So, how is it possible, Mickey would ask, that the history of the nation of such clever individuals was so lame? This leads to a different, better question (at least when it comes to peddling on Camden): Is it just Croatian literature that is really a sum of a few outstanding phenomena plus the heavy literary average, or is this the case with other countries as well, with the difference in size and the similarity in the statistical probability of exceptionalness; there is more of them, so there is a more impressive number of good writers? Is the difference between a great, significant writer and a moron writer as abysmal as it is here? The other question would be: Is a writer as clever as his nation, measuring up to his cleverness, and is the nation as dull as its dull writer? What is the relationship between a nation and a writer? Is there a relationship at all, or is there merely mutual contempt? If we consider Matoš, Ujević, or Krleža, their work habits and working ethos, then the wisest thing would be to let the readers answer this question themselves. I swear by the Daemon, I don’t have the answer! However, when I look at contemporaries and see how Stanko Andrić writes, I find it very difficult to associate him with the photo-robotic type created from the sum of our good and bad qualities. As if there was a gaping abyss between him and the nation, Nietzsche’s abyss between a man who does and a man who does not have a friend.

Mickey, brought up on a Roma version of Shakespeare (“Always a borrower, never a lender be”  – which is a bit altered version of the original “Neither a borrower nor a lender be”) doesn’t really care for these dilemmas, but he’s got nothing to brag about – it was Tenžera who wrote that he loathed the Zagreb citizens who believed they had, by the mere fact of living in the capital, sucked in Matoš and Krleža with their mother’s milk. That is something that is known even to us, the Balkan people. And us, the Balkan people, were described by Constantin Noica as the ones who were occupied with culture, while Europe was occupied with cream. There is an addition to that as well, from a nationalist perspective: it is us, us indeed, the Roma of the West, who supplied the milk for the cream. We are, as the philosopher said, the unconscious of Europe. Therefore, it is possible to imagine a Croatian author, a being overwhelmed by a massive backlog, mastering – without any help from the Cathedra (which hasn’t changed ever since) – the enormous masses of dark, radically unlit European culture, aspiring to become its member. Ujević’s essay is written in the most pregnant manner: he describes Shaw as Molière in the service of a distinctive voltaireianism, Chesterton as a preacher with the country priest wisdom (but highly augmented); but Ujević also emphasizes an idea, surprising to those who don’t like to read: it is harder, he says, to write a few good puns for the newspaper than a big editorial for the Times, and he hits the nail on the head: using paradoxes he explains commonplaces, he is an enemy of wide spirits, he values beer and pubs, and some of our Chestertonians derived the majority of his teachings therefrom. Croatian literature reached modern times under circumstances incredibly similar to the present ones. Among other things, Ujević writes that, when the neglect of culture is concerned, journalism may be regarded as the main culprit. “The press gives room to mile-long letters or personal news from some godforsaken villages, but it doesn’t feel any need to inform its readers about cultural happenings, despite its motivational motto ‘Via Education towards Freedom’. While foreign papers are abundant in literary and artistic chronicles written by excellent pens, our journals publish a stereotyped rubric Književnost, umjetnost i znanost [Literature, art and science], in few-day intervals, a dozen lines long, containing the inevitable theatrical repertoire and bare titles of published books.” The situation today is exactly the same, despite the culture-displaying apparatus at our disposal: a meaningful text is almost nowhere to be found, no matter how much we search; they appear in minimal doses, way below the statistical average in comparison to the population. Matoš would be appalled if he were here to witness this. The need to fight Germans or Austrians in their attempt to seize our territory is long gone, and your main opponents are of your own kind, exactly the people of your own trade. That would be a shock for Gustl, the wizard who had completed the thirteenth, magical school, too. He was the first to enter Europe, so when he appeared at the entrance of a pub in Vienna, Paris, or Berlin in a stained suit with Baudelaire in one and Nietzsche in the other pocket, he must have caused the refined, weary Europeans to look at him with their blurry eyes, crushed under the burden of their ponderous culture and think: Well, well, look at that! That one is a peasant, for sure!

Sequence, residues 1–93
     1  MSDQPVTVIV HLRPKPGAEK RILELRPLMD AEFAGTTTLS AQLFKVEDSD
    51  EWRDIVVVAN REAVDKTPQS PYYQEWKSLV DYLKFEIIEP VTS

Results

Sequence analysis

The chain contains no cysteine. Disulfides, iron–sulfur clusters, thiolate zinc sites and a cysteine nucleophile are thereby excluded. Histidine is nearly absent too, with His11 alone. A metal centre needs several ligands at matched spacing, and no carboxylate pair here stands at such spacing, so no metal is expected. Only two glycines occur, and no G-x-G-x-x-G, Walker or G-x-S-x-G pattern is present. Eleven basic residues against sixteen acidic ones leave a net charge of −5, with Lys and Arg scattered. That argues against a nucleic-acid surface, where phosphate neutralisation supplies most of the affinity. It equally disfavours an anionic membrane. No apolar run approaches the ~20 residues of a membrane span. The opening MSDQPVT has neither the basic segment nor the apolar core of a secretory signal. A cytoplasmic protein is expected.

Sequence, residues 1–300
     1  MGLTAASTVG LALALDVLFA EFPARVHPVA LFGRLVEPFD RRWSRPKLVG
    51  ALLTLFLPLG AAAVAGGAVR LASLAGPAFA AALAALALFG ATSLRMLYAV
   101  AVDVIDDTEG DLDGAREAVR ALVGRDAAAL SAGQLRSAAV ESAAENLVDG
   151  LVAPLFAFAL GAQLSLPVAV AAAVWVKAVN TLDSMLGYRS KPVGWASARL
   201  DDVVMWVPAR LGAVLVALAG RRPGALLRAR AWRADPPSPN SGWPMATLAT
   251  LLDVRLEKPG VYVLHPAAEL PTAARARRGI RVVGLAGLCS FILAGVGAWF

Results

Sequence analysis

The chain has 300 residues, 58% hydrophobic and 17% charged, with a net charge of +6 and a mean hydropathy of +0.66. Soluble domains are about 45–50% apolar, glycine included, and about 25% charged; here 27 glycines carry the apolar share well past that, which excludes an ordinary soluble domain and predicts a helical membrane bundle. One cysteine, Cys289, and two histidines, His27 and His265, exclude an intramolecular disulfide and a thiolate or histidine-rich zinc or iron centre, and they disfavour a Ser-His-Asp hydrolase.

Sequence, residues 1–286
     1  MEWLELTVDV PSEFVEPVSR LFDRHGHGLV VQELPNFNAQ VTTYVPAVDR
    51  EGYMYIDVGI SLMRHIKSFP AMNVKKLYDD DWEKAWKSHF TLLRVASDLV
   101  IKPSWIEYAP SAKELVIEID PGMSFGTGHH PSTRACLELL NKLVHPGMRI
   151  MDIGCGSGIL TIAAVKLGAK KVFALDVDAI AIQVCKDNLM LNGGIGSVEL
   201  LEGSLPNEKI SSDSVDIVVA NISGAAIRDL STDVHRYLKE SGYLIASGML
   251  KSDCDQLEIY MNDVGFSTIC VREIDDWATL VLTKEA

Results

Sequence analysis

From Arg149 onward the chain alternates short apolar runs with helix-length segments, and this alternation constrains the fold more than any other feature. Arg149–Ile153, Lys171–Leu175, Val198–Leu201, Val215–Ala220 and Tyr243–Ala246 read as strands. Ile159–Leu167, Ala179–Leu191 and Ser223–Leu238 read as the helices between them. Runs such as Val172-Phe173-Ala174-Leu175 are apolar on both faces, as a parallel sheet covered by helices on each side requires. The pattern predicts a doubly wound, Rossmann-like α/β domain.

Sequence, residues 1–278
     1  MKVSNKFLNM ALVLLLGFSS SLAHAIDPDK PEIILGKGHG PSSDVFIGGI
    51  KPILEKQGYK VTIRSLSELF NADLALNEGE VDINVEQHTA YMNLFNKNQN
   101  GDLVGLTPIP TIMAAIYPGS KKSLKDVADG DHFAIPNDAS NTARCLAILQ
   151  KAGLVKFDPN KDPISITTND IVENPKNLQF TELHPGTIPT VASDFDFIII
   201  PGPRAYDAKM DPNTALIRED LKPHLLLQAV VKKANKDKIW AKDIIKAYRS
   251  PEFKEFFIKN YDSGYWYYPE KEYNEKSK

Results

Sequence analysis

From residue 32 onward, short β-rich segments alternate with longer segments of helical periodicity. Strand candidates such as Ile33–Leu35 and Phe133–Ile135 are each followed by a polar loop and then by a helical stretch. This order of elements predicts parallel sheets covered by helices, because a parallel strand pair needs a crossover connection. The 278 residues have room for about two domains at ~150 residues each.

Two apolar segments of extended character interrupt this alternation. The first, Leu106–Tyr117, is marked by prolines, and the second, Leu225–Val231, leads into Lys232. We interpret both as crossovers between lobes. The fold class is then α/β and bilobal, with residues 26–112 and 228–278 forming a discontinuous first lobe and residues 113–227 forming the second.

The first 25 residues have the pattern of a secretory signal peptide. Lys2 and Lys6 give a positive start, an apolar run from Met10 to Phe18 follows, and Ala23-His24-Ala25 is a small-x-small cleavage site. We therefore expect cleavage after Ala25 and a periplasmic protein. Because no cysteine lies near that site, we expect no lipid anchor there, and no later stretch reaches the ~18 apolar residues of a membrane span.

1. ‘or rather’ in Croatian


Dario Grgić